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Sun Mar 22, 2020, 10:37 AM

Virginia Beach Temps Up 3F Since 1960 - Northward Movements Of Fire Ants One Of Many Results


Since 1960, the annual average temperature in Virginia Beach, the region’s most populated city, has risen about 3 degrees, according to the National Oceanic and Atmospheric Administration. That warming trend has opened the door for fire ants — normally living in more southerly areas — to gain a stubborn foothold in the state, Virginia agricultural officials say. And it’s growing larger. “It’s an unfortunate side effect” of climate change, said Eric Day, a Virginia Tech extension entomologist. “We have warmer winters and warmer summers, so it certainly makes for good conditions for fire ants.”

The Virginia Department of Agriculture and Consumer Services announced in December that it was expanding its fire ant quarantine to five new counties and two separate cities. With the addition, the quarantine now spans one or two counties deep along the North Carolina border from just west of Interstate 95 east to the Atlantic Ocean, an area nearly the size of Connecticut.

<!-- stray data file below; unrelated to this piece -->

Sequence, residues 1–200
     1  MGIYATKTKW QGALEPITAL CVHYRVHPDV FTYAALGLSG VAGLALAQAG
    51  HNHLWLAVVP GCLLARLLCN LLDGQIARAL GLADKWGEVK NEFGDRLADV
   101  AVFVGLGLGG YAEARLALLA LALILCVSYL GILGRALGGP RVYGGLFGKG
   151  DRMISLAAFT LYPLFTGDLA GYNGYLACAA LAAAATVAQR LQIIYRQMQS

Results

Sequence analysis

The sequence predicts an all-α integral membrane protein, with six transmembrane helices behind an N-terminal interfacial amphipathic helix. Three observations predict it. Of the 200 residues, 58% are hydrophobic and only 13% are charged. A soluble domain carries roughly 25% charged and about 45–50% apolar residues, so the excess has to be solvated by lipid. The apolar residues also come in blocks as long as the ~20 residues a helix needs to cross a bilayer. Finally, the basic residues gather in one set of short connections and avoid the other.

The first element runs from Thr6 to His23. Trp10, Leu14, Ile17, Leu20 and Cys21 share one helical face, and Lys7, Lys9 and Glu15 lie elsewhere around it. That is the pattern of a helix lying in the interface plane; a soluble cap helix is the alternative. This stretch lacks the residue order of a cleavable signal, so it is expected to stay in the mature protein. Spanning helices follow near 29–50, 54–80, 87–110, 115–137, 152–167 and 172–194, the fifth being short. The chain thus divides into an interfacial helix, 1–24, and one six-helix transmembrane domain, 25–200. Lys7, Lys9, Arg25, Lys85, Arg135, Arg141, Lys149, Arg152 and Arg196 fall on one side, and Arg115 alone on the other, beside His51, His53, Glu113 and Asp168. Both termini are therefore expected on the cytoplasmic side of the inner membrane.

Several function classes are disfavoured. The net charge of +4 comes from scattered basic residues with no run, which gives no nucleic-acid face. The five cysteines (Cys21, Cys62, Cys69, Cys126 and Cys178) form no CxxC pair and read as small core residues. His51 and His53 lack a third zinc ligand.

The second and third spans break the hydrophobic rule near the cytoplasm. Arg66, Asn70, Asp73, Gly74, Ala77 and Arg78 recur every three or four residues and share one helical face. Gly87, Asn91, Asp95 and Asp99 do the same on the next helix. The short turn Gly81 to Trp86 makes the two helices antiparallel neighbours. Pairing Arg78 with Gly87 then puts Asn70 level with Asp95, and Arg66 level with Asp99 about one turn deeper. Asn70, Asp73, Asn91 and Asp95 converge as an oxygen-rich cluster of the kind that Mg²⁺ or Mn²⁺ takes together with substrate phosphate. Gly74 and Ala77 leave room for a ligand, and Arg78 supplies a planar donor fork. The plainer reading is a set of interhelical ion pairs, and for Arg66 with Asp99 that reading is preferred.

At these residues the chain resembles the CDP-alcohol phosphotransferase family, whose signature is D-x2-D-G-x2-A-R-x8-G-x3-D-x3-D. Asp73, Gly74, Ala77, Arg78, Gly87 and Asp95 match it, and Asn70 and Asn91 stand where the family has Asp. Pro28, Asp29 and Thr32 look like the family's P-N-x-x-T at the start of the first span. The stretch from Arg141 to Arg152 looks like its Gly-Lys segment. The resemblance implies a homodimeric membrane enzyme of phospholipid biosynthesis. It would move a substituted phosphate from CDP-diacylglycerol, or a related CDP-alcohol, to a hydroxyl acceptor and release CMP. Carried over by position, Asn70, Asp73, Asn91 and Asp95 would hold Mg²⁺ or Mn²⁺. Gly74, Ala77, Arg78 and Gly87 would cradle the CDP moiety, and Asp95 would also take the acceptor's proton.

The quarantine applies to both the black and red fire ant varieties, but the red is more commonly seen in Virginia, officials say. Both damage crops and deliver a nasty sting.

Since their accidental transmittal from South America to the United States in the 1930s, red fire ants have spread across most of the Southeast from the marshy tip of Florida to the windswept plains of Oklahoma. When the first fire ant infestation was discovered in Virginia in 1989, agricultural officials blamed the interstate trade of plants and sod. They grew so widespread that by 2009 the state announced its first quarantine in the Hampton Roads region.



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